Newark's Magnus museum work may reveal Civil War scars
Work on a new National Civil War Centre is expected to uncover damage from the conflict it will commemorate.
The 500-year-old Magnus building in Newark, Nottinghamshire, is being converted into a museum as part of a £5.4m project.
It survived three sieges in the English Civil War, during which nearly a fifth of the town's buildings were destroyed.
Experts said they had begun to uncover original roof beams which may bear scorch marks and shell splinters.
The English Civil War
Between 1642 and 1646 England was torn apart by a bloody civil war.
It was fought between the Roundheads, supporters of Parliament, and the Cavaliers, those who backed King Charles I.
Parliament's New Model Army defeated the Royalists at Naseby and, sensing defeat was inevitable, Charles gave himself up to a Scottish army at Southwell, in Nottinghamshire.
But they handed him over to the English and, after a second uprising, he was executed in 1649.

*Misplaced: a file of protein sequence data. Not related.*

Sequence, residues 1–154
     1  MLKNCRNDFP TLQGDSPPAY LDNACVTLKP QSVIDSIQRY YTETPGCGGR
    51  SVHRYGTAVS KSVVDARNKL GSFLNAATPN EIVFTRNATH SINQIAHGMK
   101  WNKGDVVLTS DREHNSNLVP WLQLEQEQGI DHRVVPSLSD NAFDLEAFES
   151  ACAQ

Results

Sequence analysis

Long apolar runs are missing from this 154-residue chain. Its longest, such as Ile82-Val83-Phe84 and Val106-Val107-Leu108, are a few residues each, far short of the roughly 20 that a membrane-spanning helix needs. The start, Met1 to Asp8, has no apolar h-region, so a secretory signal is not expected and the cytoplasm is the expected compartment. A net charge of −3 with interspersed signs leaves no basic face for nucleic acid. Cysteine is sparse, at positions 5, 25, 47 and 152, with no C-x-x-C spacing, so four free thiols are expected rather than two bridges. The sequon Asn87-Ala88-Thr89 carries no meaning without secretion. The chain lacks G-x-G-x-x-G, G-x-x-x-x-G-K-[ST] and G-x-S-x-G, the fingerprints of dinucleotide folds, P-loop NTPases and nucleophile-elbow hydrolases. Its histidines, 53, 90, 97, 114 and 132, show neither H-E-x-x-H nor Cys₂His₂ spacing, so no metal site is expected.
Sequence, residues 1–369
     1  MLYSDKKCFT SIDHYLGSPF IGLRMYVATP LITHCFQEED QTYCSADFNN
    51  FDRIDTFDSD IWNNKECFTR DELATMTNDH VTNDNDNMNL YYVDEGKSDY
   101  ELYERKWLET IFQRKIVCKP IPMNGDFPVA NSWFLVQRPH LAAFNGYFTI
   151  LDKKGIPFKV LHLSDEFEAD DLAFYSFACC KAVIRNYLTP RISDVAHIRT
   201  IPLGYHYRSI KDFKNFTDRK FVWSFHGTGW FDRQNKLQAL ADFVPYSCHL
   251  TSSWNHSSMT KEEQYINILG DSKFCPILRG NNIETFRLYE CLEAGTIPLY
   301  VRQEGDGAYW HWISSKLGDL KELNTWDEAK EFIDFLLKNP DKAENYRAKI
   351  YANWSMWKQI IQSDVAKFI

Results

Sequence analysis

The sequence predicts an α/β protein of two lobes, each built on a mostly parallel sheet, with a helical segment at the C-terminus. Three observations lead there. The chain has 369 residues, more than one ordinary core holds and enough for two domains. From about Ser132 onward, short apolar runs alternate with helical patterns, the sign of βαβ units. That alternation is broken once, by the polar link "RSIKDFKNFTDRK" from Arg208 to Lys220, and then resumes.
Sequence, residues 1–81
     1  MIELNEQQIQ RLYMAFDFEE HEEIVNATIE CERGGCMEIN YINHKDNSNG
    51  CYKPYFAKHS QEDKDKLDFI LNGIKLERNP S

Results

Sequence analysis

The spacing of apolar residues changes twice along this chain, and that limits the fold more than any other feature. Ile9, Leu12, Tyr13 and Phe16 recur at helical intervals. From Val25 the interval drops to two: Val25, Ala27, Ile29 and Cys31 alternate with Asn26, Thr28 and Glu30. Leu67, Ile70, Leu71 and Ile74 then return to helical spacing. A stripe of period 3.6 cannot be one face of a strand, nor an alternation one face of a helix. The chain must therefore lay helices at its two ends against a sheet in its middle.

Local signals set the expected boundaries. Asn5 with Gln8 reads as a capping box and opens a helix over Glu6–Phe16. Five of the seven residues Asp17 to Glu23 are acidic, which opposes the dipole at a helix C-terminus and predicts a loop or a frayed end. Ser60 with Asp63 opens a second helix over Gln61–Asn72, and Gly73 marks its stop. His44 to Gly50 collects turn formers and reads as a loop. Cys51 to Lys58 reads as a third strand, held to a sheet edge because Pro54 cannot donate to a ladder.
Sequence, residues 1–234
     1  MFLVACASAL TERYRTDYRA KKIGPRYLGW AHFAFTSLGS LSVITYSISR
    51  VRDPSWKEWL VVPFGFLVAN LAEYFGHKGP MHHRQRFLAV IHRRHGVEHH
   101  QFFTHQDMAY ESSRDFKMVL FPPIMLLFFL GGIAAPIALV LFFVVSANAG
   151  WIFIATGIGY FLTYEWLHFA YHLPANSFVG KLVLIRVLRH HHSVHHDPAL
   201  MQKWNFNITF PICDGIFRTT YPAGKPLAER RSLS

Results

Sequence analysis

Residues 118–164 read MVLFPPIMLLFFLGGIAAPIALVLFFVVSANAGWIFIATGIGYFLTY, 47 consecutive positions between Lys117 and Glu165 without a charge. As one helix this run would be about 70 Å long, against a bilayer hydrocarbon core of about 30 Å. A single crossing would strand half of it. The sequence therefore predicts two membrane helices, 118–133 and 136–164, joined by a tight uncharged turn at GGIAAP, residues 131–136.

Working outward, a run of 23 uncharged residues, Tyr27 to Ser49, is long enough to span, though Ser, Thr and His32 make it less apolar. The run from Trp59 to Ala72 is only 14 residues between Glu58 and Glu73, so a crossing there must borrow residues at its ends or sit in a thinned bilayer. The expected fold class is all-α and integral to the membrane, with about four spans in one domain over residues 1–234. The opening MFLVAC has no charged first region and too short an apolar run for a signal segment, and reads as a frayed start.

The building's Royalist garrison finally surrendered in 1646.
Jane Roylance, a historic buildings architect said: "Some of [the roof structure] survived miraculously; other bits have failed spectacularly so we are at a point where we need to go through it and actually decide what repairs are needed."
It is hoped the Heritage Lottery-backed museum will open in spring next year, detailing the 17th Century conflict which deposed King Charles I.
As well as the Civil War displays, there will be galleries focussing on the local history of Nottinghamshire.
The Newark Torc, an Iron Age necklace found near the town, will also be displayed.
It will be the first time the item is displayed in the district after being loaned to the British Museum.
Officials estimate the centre could bring £1.3m into the local economy a year.
Michael Constantine, from the National Civil War Centre, said: "We've got some great interactive displays, arms and armour and all the weaponry from the Civil War and we've got some really gory stuff for the kids."
"Now we are taking a close look at the beams to see how they have survived 500 years of wear and tear and of course the Civil War.
"We are looking for bits of shrapnel and musket balls which might have gone in them."